Hey Optimist Minds!
Is your relationship with your parents complicated? Do you find it hard to be yourself around them?
The way our parents interact with us as we’re growing up impacts how we look at ourselves, others, and the world. If their parenting deprives us of a healthy and nourishing environment, we grow up to develop various behavioural issues.
Toxic parents consistently behave in ways that cause children to feel scared, guilty, and obligated. In addition, they tend to be unavailable, self-absorbed, controlling, and manipulative. This video will describe five different types of toxic parents.
Keep in mind that the information shared here is only meant to help you reflect on whether your parents have been toxic for you. The types mentioned here are not official labels or diagnoses. So, only use this video to understand your situation better and to seek professional help.
Now, let’s begin.
The Neglecting Parent.
While growing up, did you spend hours unsupervised? Did your parent fail to show up for school events, special occasions, or when you were sick?
Parental neglect has a severe impact on children’s mental and physical health. Not only are the children unprotected from physical dangers, but they also develop various behavioural issues.
Research shows that neglect can lead to all sorts of problems like obesity, anxiety, depression, abuse, and juvenile delinquency. So evidently, just by being absent, parents can be toxic to their young ones.
The Helicopter Parent.
On the other extreme is the over-involved parent that hovers around their child, discouraging any autonomy. Generally, this parent acts out of self-centred motives that focus on their needs rather than the child.
Does your parent try to micromanage you? Do they seem like they don’t care about what truly makes you happy?
Studies have shown that this parenting style has an ill effect on the child’s well being. Unable to make their own choices and learn from their experiences, children of helicopter parents stay dependent and confused for most of their lives.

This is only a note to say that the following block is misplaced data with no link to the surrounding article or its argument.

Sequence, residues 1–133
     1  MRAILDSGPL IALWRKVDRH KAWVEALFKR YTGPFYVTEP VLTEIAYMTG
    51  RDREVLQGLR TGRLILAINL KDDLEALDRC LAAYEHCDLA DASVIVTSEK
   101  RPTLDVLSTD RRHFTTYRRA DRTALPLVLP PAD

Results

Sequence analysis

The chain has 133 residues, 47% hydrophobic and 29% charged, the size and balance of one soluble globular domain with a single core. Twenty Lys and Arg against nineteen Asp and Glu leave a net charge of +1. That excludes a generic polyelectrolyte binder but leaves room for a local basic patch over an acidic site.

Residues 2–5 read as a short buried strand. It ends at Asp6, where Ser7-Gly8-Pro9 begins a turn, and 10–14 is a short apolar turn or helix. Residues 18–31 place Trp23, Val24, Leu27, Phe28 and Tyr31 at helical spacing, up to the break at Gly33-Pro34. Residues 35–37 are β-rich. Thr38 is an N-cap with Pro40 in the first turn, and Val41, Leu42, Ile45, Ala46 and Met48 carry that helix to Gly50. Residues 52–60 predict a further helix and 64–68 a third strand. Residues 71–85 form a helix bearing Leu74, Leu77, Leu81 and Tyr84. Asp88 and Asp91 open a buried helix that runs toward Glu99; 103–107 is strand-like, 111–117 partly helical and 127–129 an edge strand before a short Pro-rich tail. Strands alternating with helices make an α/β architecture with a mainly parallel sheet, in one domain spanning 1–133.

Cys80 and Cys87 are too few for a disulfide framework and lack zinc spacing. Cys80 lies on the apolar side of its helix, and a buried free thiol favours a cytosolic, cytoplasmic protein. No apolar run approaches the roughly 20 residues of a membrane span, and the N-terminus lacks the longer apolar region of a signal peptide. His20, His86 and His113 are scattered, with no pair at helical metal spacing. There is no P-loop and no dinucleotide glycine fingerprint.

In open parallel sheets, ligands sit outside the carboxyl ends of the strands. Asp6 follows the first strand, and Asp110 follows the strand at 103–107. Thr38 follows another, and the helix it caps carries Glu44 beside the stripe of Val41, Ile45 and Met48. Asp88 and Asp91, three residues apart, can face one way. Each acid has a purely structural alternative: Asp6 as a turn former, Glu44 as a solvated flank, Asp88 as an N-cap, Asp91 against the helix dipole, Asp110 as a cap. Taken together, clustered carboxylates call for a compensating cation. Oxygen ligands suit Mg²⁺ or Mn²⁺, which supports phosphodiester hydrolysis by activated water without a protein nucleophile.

The Addict Parent.
Was your parent unavailable because they were frequently intoxicated? Did you have to take care of things like bills, food, or safety?
The children of parents dealing with addiction often have to act like the adult at home. Since the parent prioritises their emotional problems over their responsibilities, the child has to step up to ensure survival.
Maybe you had to take care of your parent because they weren’t conscious. You might have had to skip school or play because they needed you to nurse them. This type of toxic parenting robs you of your childhood.
The Abusive Parent.
When your parent was upset or angry, did they become violent? Did your parent touch you or your siblings inappropriately?
Physical and sexual abuse are terrible experiences that no child should have to go through. It’s more horrific when the abuse comes from the people responsible for your upbringing.
Being raised in abusive households has a detrimental effect on the child’s physical and mental health. This impact lasts even years after being removed from the location. Without the proper professional intervention, the abusive parent’s child may struggle with the aftermath of trauma for their entire life.
The Narcissistic Parent.
Perhaps there was never any direct physical violence in your home, but your parent was emotionally quite abusive. Did they seem controlling, demeaning, and manipulative? It could be that your parent was narcissistic.
Narcissists are highly self-absorbed and entitled people, incapable of feeling empathy. A narcissistic parent only sees their child as an extension of themselves.
If the child brings them pride and social approval, they show affection. Falling short of that, the narcissistic parent will ignore, mock, insult, or attack verbally. These are incredibly toxic parents, and their children struggle for decades in all aspects of life because of narcissistic abuse.
Did any of these descriptions remind you of your parents? Do you think you’ve been raised in a toxic environment? Do comment below and tell us what your story is. We’d love to hear from you.
A link for further reading and the studies & references used in the making of this video are mentioned in the description below.
Thanks for visiting optimist minds, take care. Until next time.